Anger and grief shook Tel Aviv's normally thriving gay community yesterday after a gunman shot two people dead and wounded 11 others in the worst ever attack against homosexuals in Israel.
The shooting spree late Saturday night terrorised a haven within a haven for Israeli gays, leaving it with a sudden sense of vulnerability.
It came in the downtown area of Tel Aviv, Israel's most liberal city which hosts plentiful gay bars and cafés as well as a community centre sponsored by the municipality. Even worse, it struck what was thought of as a safe space for gay teens, many of whom were still concealing their sexual identity. Dozens of adolescents gather in the discreet basement venue every Saturday night under the supervision of volunteer counsellors who serve up grilled cheese and soft drinks.
One of the dead was Nir Katz, 26, a counsellor and web designer who was regarded as a role model for the youths and was remembered yesterday for giving his time and money to help them.
The other was a 16-year-old girl, Liz Tarabushi. Youths as young as 14 were said to have attended the club.
The shooter was masked. He pulled out a pistol and opened fire on youths, then concealed his weapon and fled the scene on foot, according to police.
"We are in complete shock," said Itzik Tsror, spokesman of the League for the Defense of the Rights of Homosexuals, Lesbians, Bisexuals and Transgenders. "Tel Aviv is generally progressive but it seems we haven't reached a safe shore. We are worried that people will try to copy this act."
At the league's offices, people wandered in with tears in their eyes and embraced one another, terming the shooting "a massacre".
Hundreds of police were scouring Tel Aviv in a manhunt, while prime minister Benjamin Netanyahu, opposition leader Tzipi Livni and Israel's chief rabbis all condemned the attack.
Gay community leaders termed it a "hate crime" and linked it to anti-gay incitement, including among ultra-orthodox politicians. Police declined to specify a motive, saying only that they were investigating and clamping a gag order on any details.
Nitzan Horovitz, the only openly gay member of Israel's parliament the Knesset, told hundreds of people gathered at a protest yesterday on Rothschild Boulevard, the city's trendiest street, that "the mind refuses to understand and the heart refuses to absorb this attack, this hate crime".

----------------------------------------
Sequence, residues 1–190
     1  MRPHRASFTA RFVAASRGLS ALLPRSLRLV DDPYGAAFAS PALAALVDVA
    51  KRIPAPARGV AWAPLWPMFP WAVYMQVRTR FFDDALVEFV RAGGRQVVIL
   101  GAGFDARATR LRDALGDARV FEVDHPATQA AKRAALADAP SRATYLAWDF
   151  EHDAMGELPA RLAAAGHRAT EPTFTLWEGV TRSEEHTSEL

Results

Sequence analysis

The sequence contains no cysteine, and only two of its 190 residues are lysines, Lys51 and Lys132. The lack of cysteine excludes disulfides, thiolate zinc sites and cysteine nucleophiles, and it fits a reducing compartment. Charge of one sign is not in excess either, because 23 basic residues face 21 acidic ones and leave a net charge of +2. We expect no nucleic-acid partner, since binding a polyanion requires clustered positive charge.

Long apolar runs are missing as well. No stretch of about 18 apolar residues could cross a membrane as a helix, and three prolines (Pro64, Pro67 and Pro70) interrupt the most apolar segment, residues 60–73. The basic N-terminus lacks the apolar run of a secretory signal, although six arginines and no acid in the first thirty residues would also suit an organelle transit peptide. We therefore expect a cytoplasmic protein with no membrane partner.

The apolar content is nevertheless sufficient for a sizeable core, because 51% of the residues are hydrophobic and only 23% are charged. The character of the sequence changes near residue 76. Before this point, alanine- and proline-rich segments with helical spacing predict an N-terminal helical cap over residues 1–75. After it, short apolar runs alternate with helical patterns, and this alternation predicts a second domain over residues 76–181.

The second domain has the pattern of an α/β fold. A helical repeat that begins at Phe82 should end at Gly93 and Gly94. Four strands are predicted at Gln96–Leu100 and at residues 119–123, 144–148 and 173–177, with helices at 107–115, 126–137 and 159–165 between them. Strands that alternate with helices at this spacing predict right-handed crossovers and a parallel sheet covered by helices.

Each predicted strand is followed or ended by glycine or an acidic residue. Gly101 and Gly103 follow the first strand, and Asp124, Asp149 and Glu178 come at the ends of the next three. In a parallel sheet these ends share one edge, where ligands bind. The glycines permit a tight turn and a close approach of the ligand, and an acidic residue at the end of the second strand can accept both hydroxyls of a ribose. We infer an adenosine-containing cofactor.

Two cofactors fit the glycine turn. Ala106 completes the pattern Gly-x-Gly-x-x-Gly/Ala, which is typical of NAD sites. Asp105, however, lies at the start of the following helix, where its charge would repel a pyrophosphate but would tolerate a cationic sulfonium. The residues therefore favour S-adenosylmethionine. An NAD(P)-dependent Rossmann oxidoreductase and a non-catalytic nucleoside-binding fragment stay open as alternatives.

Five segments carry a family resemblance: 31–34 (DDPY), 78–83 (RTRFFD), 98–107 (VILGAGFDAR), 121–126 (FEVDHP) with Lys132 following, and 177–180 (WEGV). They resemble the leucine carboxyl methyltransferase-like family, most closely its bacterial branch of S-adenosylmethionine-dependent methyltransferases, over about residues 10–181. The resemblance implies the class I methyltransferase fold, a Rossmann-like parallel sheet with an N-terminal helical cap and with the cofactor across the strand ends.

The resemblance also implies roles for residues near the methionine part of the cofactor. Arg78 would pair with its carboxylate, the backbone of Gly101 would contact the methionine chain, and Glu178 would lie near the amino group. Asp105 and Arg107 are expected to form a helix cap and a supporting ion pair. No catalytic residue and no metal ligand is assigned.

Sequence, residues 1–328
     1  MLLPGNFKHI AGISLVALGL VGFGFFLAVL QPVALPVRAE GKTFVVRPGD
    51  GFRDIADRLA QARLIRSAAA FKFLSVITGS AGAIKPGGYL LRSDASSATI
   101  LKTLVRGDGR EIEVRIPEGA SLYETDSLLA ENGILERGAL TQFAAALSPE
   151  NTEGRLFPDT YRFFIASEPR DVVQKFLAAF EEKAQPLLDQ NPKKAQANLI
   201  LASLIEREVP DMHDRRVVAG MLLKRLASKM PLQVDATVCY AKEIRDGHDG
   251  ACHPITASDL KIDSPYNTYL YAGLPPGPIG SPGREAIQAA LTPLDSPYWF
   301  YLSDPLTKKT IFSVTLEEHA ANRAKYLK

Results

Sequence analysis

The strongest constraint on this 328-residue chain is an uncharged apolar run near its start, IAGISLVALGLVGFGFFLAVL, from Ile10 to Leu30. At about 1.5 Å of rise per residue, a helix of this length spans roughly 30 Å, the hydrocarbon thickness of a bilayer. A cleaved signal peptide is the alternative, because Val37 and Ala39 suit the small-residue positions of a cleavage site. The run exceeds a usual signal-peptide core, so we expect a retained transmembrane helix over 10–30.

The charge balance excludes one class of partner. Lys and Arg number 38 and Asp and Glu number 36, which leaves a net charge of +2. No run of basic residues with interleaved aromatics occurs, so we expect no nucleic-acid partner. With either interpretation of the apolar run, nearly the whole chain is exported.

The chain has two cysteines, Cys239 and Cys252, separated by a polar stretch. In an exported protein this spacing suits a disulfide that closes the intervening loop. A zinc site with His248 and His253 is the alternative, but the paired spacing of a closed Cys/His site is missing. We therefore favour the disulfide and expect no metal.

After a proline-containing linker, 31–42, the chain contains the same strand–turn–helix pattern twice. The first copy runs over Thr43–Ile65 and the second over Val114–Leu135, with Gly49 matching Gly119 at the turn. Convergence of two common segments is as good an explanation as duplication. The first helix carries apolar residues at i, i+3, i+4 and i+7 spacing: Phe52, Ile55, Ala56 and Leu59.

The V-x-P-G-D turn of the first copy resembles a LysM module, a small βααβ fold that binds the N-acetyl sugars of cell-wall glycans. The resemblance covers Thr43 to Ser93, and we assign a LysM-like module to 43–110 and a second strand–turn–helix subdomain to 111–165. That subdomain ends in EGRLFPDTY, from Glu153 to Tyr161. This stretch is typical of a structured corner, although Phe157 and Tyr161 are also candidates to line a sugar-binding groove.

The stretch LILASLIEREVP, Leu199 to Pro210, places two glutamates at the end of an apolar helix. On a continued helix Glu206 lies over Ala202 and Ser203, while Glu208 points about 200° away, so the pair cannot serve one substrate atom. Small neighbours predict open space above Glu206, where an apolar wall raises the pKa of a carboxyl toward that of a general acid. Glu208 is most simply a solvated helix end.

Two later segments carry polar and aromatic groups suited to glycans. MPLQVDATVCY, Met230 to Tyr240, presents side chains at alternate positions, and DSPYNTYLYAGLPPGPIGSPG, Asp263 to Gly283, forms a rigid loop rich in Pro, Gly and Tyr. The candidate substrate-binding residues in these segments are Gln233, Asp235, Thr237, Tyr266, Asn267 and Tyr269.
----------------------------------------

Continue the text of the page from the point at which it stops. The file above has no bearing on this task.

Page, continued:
"What is the public atmosphere that could cause someone to shoot up a youth club? It is part of the general hatred that we in this community experience." One woman protester held up a sign saying: "Enough of ultra-orthodox incitement and hatred".
Leaders of Shas, a party that has depicted homosexuality as blasphemy evoking divine retribution, condemned the attack but stressed that the motives were unclear.
Conditions for gay Israelis have improved in many ways over recent years. Gay couples have been recognised by the courts, gay soldiers serve openly in the military and openly gay musicians and actors are among the country's most popular. Rainbow flags are often seen flying from apartment windows in Tel Aviv. Mr Tsror, the league spokesman, said that the number of Israelis coming out has been on the increase in recent years.
But accompanying this has been an incitement to violence. Last year, a lawmaker from Shas declared in parliament that earthquakes were divine punishment for homosexual activity. Earlier, another MP from the same party said that a homosexual is "worse than a beast". In 2005, an ultra-orthodox youth stabbed three people at a gay pride parade in Jerusalem. In May this year, a group of youths attacked a man during a gay pride parade in the southern city of Eilat.
At the league's offices Eyal Magen, 22, held a picture of the late Mr Katz, whom he had tried to visit on Saturday night only to find the club closed off by police. "He was a really nice guy, everyone says that about someone who died, but he really was. He gave a lot to people, probably too much. He'd buy you stuff even if he didn't have the money."
Paul Bentley: Being gay wasn't an option for us
Israeli friends of mine are horrified by Saturday's shooting. They thought their country had come further than this. One of them is disappointed because after urging British non-Jewish friends to visit Tel Aviv for years, now he knows they won't.
But they forget where Tel Aviv is – just half an hour by car from Gaza and 20 minutes away from Bnei Brak, one of the most ultra-orthodox areas in Israel. There is a bus you can get from the beach in Tel Aviv to Bnei Brak. The journey begins with string bikinis and boys in tight shorts. Half an hour later the bus is full of long skirts and black hats. And the genders are segregated; men at the front, women at the back.
Five years ago, I spent four months of my gap year studying Talmud at a biblical college in Maalot Daphna, an ultra-orthodox area of Jerusalem. The Rabbis at the college were kind but their views were entrenched. We argued about the role of women and the dangers of assimilating with non-Jews but we never discussed homosexuality. It wasn't an option for us to be gay so there wasn't anything to talk about. I hadn't yet come out as gay and there was no way I was going to declare my abominable secret.
Nothing illustrates the ideological divide in Israel between dati'im and chilonim – the orthodox and secular – better than the difference in attitudes of people in the country's two largest cities, Jerusalem and Tel Aviv – or "Hell Aviv" as my Talmud teachers called it.Reuse content